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Old 06-18-2013, 04:36 AM
 
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I am looking for an area that has mild temps year round, that is safe, and close drive to shopping and restaurants. I have been thinking of moving to NC but also OR now is peaking my interest. I am not into night life and work from home. I have no kids and am 34. I am from MI and was living in Thousand Oaks CA but it is just so expensive so need to find a place with lower cost of living but because of health problems extreme weather is very painful for me.
Could people suggest some cities I could research? I would rent first and don't like to be in a hectic area but like I said close driving distance to shopping. I seem to like to live in suburbs and really enjoyed TO for example For a 1 bedroom apt or condo I would like to stay around 1100 but can be flexible. Is that realistic in a nice area and if not can you state how much?
Thank you
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Old 06-18-2013, 10:55 AM
 
Location: Portland, Oregon
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How mild is "mild"? In the Willamette Valley, temperatures go below freezing a few nights every winter, and occasionally during the day too. And summers always have a few days that hit 100 degrees or close to it. If that range works for you, the valley is where you'll find the most shopping and restaurants. I think the Medford area might be a little warmer but they have some real economic challenges right now. The coast tends not to get as cold or as warm as the valley but the economy there is basically tourists and retirees.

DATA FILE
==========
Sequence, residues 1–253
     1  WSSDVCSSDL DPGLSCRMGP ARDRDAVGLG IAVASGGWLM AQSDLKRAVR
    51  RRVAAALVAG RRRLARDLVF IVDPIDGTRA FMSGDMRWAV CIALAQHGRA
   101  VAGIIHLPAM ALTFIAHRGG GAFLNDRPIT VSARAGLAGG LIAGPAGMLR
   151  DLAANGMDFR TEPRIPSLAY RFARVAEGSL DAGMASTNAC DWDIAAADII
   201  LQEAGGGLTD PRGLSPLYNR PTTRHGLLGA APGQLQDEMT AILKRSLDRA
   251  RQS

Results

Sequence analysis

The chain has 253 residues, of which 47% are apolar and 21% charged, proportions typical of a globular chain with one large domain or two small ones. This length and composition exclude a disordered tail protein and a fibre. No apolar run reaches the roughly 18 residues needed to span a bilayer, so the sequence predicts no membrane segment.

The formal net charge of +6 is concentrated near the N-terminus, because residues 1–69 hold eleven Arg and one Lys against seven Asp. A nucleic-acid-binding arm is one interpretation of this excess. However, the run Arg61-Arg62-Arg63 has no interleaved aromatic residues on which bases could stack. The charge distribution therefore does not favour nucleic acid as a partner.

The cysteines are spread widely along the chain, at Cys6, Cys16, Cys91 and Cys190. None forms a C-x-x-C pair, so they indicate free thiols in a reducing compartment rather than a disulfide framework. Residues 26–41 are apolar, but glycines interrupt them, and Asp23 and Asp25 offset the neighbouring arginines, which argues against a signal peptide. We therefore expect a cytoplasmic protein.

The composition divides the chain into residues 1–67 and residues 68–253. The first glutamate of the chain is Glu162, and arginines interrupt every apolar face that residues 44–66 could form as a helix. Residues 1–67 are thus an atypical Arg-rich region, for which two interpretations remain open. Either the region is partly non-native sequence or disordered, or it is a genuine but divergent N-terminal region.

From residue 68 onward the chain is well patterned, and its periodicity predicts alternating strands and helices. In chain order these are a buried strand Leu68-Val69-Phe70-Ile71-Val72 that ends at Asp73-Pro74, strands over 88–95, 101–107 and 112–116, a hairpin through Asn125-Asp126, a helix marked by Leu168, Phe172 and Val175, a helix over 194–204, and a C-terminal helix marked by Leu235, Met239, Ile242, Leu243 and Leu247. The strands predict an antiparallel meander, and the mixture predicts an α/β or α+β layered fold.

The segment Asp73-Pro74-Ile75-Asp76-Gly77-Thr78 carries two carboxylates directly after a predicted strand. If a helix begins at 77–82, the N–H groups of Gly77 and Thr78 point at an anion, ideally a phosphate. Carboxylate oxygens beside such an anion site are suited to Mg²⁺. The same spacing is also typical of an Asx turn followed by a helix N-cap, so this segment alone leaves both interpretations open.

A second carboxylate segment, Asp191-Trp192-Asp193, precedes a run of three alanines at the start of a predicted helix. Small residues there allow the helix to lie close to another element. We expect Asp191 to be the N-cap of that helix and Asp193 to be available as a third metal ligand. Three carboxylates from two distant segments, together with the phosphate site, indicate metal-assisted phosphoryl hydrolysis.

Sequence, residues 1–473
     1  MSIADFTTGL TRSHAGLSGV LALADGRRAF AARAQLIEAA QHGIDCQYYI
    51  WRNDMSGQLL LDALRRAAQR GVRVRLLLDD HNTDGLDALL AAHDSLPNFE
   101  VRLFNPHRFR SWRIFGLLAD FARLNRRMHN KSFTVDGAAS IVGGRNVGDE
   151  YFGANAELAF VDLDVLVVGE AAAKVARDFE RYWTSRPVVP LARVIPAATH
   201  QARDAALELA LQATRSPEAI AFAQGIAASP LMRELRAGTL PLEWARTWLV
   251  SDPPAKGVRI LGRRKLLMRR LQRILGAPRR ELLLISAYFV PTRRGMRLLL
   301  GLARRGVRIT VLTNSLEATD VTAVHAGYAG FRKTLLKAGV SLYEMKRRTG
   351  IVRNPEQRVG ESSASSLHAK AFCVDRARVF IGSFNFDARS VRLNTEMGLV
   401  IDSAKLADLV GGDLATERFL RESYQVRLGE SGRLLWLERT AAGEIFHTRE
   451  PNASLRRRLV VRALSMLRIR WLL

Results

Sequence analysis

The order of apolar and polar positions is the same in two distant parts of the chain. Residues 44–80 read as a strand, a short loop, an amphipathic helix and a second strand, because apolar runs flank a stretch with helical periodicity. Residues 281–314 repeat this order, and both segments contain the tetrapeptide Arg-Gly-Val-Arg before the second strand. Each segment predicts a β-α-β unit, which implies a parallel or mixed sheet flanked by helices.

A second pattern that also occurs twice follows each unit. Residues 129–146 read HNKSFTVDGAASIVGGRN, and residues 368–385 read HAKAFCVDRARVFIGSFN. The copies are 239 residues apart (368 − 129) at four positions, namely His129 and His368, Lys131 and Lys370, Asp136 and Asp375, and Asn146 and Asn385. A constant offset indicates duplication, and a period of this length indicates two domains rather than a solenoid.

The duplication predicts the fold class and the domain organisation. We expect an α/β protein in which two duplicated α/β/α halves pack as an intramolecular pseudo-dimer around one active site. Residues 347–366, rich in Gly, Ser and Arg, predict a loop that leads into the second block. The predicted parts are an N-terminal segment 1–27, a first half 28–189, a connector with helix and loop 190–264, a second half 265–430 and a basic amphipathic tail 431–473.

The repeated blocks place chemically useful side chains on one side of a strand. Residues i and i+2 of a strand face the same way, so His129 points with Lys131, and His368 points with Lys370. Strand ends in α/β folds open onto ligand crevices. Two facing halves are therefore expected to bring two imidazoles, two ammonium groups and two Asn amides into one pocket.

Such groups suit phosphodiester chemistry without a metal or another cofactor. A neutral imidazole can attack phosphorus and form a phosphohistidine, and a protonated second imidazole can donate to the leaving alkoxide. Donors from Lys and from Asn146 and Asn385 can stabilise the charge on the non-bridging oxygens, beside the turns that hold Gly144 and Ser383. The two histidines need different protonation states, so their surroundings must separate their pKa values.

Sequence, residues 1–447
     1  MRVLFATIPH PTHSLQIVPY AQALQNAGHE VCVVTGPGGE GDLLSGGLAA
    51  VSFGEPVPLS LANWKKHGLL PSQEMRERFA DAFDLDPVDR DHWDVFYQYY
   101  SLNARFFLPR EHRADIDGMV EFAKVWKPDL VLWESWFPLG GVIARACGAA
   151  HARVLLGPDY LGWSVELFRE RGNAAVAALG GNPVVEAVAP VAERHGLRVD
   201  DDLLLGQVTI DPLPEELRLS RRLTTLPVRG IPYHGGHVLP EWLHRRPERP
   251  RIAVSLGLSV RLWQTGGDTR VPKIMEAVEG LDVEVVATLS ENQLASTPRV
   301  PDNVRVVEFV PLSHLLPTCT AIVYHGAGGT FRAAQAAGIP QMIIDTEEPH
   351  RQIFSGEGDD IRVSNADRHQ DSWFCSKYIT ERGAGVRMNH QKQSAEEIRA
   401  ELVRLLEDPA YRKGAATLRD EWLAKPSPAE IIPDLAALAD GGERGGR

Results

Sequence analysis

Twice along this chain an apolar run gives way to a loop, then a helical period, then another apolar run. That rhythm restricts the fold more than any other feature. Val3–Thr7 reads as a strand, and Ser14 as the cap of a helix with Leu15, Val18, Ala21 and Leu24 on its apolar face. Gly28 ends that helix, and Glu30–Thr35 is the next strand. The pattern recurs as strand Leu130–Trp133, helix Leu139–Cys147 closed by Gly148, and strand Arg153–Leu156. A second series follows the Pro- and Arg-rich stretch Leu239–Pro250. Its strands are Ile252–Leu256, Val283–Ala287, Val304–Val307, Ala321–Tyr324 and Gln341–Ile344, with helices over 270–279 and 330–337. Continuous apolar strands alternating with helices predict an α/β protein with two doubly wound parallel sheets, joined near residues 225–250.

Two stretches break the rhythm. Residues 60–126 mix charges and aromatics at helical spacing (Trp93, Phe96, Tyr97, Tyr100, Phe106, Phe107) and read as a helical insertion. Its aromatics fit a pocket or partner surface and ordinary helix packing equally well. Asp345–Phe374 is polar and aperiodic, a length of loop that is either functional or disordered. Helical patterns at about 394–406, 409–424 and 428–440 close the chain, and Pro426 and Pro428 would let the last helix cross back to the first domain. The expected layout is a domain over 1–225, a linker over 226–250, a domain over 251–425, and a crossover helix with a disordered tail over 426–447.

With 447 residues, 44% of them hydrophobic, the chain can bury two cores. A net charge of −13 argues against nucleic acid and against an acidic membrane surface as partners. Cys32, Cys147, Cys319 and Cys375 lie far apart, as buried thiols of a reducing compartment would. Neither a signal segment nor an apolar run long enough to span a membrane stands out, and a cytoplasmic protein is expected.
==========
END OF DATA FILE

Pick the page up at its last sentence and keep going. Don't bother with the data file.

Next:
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Old 06-18-2013, 11:04 AM
 
Location: Dallas, Oregon & Sunsites Arizona
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Rob answered your "Mild" Question. As to location, if Rob's answer suites you, just throw a dart at the Willamette Valley.
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Old 06-18-2013, 01:06 PM
 
Location: Myrtle Creek, Oregon
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Oregon doesn't have suburbs like you are used to. Oregon suburbs are actual cities, with their own core business areas. Shopping strips along arterials (main drags) are pretty common, fed by secondaries and collectors into residential neighborhoods. Land use planning is not just about zoning, it's also about traffic studies. As long as you avoid freeways, streets are pretty usable. You should be able to find many locations with grocery, electronic, furniture, automotive, clothing, etc. in a few blocks of each other. Hospitals tend to be in legacy locations somewhat remote from commercial development. Oregon has nothing like the freeway hell of SoCal. An hour and a half on a California freeway doesn't even get you out of town. In Oregon, it gets you to the coast or the mountains but, oh yeah, there aren't any freeways that go there.
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Old 06-18-2013, 05:43 PM